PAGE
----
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Plants and mycorrhizal fungi in wind erosion control
In many dry areas around the world, wind erosion gradually converts fertile land into deserts. Wind tunnel and laboratory experiments are conducted to investigate how plants and mycorrhizal fungi protect the soil from wind erosion.
Wind erosion is the
process by which soil is detached from the ground surface and transported by
wind. All over the world, wind erosion causes huge annual soil losses and
promotes the formation and spreading of deserts, thereby posing a
threat to the livelihood of numerous people. Furthermore, wind erosion increases the content of mineral fine dust
in the atmosphere. High concentrations of fine dust cause lung diseases and
change the global radiation balance, which affects the earth’s climate.
Wind erosion control
Revegetation of degraded
soils is regarded the most effective strategy against wind erosion. Plants provide both above- and below-ground protection by sheltering the
soil from the erosive force of the wind and stabilising it with their roots,
respectively. However, the conditions on eroded soils are adverse to plant
growth. Hence, revegetation measures are often confronted with major difficulties.
One way of improving plant growth on degraded soils is to add mycorrhizal fungi to the soil when seeding or planting. Almost all plants live in symbiosis with mycorrhizal fungi, which help them uptake nutrients and water. On degraded soil, there often exists a lack of mycorrhizal fungi. Therefore, the artificial introduction of mycorrhizal fungi promises to substantially improve revegetation success. Besides their beneficial effect on plant growth, mycorrhizal fungi improve soil structure and stability with their vast underground network of fungal strands (hyphae).
Mycorrhizal fungi provide a twofold benefit in wind erosion
control: On the one hand, they improve
plant growth, and on the other hand, they stabilize the soil (drawings of fungi:
How do plants influence wind erosion processes?
In a 20 m long wind tunnel, we conduct experiments with grass canopies of different planting densities. In contrast to other wind tunnel studies, living grasses (Lolium perenne) are used instead of artificial imitations of vegetation.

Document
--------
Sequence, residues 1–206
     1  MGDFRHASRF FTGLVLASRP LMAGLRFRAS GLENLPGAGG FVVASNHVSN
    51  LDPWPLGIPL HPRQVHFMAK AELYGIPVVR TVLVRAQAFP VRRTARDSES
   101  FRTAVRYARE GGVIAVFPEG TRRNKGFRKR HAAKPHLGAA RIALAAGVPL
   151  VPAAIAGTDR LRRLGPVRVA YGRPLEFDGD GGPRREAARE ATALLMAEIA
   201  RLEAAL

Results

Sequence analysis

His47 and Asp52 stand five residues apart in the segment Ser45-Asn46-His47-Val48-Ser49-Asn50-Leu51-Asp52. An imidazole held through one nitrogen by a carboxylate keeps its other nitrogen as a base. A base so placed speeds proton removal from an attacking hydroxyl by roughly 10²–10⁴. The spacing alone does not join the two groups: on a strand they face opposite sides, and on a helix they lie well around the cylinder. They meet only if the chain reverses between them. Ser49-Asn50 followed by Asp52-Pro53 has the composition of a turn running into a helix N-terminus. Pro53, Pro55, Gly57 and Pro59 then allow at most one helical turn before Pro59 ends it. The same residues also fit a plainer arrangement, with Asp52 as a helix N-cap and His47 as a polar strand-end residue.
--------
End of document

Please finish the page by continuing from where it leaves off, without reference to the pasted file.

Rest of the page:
At the end of the test section, a sediment sampler is positioned to trap airborne sand grains at different heights during the experiment. Furthermore, we measure the fine dust concentration in the air above the test section. Colored quartz sand is used to visualize erosion and deposition patterns.
First results show that wind erosion processes
decrease with increasing vegetation cover. A vegetation cover of only 15%
decreased soil loss to 7% and fine dust emission to 50%. A vegetation cover of
55% inhibited these processes almost completely.
Test section (8 m) in
the wind tunnel unplanted and with vegetation covers of 3%, 15% and 55% (from
left to right).
Sediment sampler in
the wind tunnel (left) and accumulations of red quartz sand (right).
Do mycorrhizal fungi improve plant growth on desert-like soils?
In this study, the adverse soil and climate
conditions of deserts are simulated in a climate chamber. We cultivate various
grass species on sandy, nutrient-poor substrates and water them only rarely. Half
of the grasses are provided with mycorrhizal fungi in the substrate, the other
half not. Thus, it is possible to test whether mycorrhizal fungi improve
survival rate, above-ground biomass production and health of the grasses.
Do mycorrhizal fungi improve soil resistance to wind erosion?
This study combines the two previous questions. Erosion processes are investigated in three soil treatments:
a) unplanted soil
b) soil planted with grasses (without mycorrhizal fungi)
c) soil planted with grasses and inoculated with mycorrhizal fungi.
In the wind tunnel, all treatments are subjected to the same wind force. Afterward, we compare the soil losses and fine dust concentrations. It is assumed that soil erosion rate and fine dust emission is lowest in the planted and inoculated soil. If experiments confirm this hypothesis, this will be a strong argument to promote the use of mycorrhizal fungi in wind erosion control.